It is not that there is no progress happening in African countries in terms of electrification, but population growth is outweighing electrification. So, even if you make progress of an additional million or 2 million people having energy access every single year, but you have a population growth of circa 10 million, it’s tough to catch up. That’s why we need to speed up. And that’s why we need, like I said, money from philanthropy, development institutions, financial institutions, governments—all coming together to look for creative solutions that will make sure no one is left behind in energy access.
How much progress is being been made towards rallying financing for the energy sector in Africa?
It’s important now, especially this year when the UN is having a high-level dialogue on energy, for the first time in 40 years. We are discussing this topic at the UN General Assembly. People are now recognizing that energy poverty is serious, and it is really important that while we’re trying to transition to green, renewable, clean energy, which is very important, that energy access and energy poverty must be part of the energy transition for many African countries.
I have a lot of hope and optimism that this year, there will be a big shift in terms of a [COVID-19] recovery package and other packages towards clean energy in Africa, which we haven’t seen before.
The COVID-19 pandemic has reduced many countries’ fiscal space. And Africa is currently grappling with a third wave of infections. What advice would you give these countries at this time in terms of how they prioritize energy investment?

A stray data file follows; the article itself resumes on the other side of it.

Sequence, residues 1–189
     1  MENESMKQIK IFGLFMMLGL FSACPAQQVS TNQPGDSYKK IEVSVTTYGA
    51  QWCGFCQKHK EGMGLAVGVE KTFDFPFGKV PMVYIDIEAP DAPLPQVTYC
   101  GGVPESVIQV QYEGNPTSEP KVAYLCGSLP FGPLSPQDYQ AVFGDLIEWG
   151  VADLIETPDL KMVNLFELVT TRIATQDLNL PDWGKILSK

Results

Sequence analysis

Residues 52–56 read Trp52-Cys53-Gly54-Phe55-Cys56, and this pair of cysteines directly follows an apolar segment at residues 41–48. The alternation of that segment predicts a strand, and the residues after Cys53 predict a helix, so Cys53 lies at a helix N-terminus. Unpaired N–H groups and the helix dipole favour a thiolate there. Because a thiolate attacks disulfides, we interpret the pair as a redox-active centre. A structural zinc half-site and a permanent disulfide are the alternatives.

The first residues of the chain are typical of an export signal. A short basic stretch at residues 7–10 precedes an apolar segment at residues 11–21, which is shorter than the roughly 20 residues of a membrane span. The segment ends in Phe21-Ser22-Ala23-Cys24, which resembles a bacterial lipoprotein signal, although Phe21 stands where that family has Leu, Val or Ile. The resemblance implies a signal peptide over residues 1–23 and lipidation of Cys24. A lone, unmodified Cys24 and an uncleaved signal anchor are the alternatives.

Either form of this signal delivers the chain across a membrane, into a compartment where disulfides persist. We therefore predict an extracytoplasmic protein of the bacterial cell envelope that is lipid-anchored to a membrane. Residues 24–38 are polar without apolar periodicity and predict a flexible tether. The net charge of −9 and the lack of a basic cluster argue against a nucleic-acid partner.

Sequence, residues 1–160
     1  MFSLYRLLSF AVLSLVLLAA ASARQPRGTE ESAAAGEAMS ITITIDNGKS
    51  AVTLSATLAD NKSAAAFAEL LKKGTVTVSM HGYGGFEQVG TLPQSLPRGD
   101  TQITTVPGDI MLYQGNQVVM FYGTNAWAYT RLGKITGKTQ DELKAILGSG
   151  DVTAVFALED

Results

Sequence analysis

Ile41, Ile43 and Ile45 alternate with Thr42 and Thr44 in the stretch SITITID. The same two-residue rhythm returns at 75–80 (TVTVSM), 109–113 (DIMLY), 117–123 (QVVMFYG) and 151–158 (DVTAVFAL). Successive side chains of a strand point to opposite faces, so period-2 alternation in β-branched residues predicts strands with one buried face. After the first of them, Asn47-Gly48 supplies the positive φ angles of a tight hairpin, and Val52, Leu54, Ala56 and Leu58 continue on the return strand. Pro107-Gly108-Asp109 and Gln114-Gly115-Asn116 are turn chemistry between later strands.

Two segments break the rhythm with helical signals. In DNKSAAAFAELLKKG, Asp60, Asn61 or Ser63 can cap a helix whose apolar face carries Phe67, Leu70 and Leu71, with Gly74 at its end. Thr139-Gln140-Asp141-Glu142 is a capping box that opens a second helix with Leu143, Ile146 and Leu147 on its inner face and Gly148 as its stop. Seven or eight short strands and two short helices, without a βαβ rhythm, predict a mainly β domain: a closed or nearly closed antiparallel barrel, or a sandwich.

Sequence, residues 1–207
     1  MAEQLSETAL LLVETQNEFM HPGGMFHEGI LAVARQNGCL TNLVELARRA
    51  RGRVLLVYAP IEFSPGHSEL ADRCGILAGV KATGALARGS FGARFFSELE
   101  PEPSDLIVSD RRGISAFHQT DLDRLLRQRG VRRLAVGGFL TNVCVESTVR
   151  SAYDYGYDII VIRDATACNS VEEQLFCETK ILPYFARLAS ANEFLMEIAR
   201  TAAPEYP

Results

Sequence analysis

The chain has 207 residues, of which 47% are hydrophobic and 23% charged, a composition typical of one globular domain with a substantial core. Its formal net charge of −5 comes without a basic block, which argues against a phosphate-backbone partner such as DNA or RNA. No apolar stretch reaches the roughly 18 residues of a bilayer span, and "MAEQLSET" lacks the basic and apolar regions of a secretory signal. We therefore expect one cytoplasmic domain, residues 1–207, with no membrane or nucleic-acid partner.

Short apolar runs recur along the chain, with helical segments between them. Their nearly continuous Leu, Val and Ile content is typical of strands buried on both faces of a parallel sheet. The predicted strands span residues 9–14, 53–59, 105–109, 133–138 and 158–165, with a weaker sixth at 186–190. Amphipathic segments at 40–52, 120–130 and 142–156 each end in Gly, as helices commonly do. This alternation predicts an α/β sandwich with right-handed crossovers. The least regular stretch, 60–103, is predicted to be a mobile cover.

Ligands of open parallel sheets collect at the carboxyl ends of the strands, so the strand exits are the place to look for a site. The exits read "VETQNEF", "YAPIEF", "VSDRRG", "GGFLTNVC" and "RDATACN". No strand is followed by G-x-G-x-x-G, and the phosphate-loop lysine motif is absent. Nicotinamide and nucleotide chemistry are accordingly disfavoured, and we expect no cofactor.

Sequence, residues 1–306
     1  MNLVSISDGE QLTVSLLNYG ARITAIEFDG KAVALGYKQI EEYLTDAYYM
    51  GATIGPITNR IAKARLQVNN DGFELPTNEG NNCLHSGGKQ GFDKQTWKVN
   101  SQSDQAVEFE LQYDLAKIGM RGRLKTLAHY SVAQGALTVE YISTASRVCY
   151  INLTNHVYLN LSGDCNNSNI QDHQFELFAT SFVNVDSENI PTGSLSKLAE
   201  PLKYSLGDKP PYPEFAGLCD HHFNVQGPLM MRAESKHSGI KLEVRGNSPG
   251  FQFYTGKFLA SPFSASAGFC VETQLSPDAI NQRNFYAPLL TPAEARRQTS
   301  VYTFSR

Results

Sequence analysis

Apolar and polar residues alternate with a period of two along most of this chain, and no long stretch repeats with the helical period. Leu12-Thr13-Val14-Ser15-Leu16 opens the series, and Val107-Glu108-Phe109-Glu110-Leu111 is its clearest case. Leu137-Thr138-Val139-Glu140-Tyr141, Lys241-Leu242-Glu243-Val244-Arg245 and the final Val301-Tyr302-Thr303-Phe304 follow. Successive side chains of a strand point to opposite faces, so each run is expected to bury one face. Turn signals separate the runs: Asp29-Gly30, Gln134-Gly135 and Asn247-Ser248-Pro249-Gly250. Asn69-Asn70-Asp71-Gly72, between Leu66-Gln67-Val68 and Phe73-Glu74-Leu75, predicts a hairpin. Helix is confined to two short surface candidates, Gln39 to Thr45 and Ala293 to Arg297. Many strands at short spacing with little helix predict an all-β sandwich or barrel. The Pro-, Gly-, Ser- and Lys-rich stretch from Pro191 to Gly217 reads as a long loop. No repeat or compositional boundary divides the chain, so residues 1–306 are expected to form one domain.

For every $1 you invest in clean energy in any country, we see the benefits of about 0.93 cents to GDP. So, it’s just a good economic decision. More jobs are created, and there will be an increase in energy access and energy efficiency. There are a lot of benefits, apart from the obvious, including having healthier people, more yields in agriculture, etc.
And for women?
If you give a woman access to sustainable energy, she earns 59% more. So even if you have a long wish-list of things you want to spend money on, clean energy is where you should focus because it’s just good math in terms of economic growth.
The African Continental Free Trade Area (AfCFTA) kicked off in January this year, and is expected to catalyze Africa’s industrialization. How might affordable energy for all, as well as achieving near-zero emissions, support such industrialization?
Well, the fact that Africa is one of the regions that will need more instead of less energy, especially sub-Saharan Africa, is very key. Again, let me put this into perspective: the installed capacity of sub-Saharan Africa, if you take away South Africa, is only 81 gigawatts. That’s the same capacity that Germany generates. So, it’s 81 gigawatts for more than a billion people. Sub-Saharan Africa is responsible for less than one per cent of global emissions, and we want these emissions to remain low and to continue to be under a low-carbon trajectory. We would need solar panels, lithium batteries and inverters. We need a lot of technology. These shouldn’t be brought from outside to the continent; we should look towards manufacturing them in Africa to cope with the demand.
Energy will definitely play a critical part in the success of Africa’s free trade area.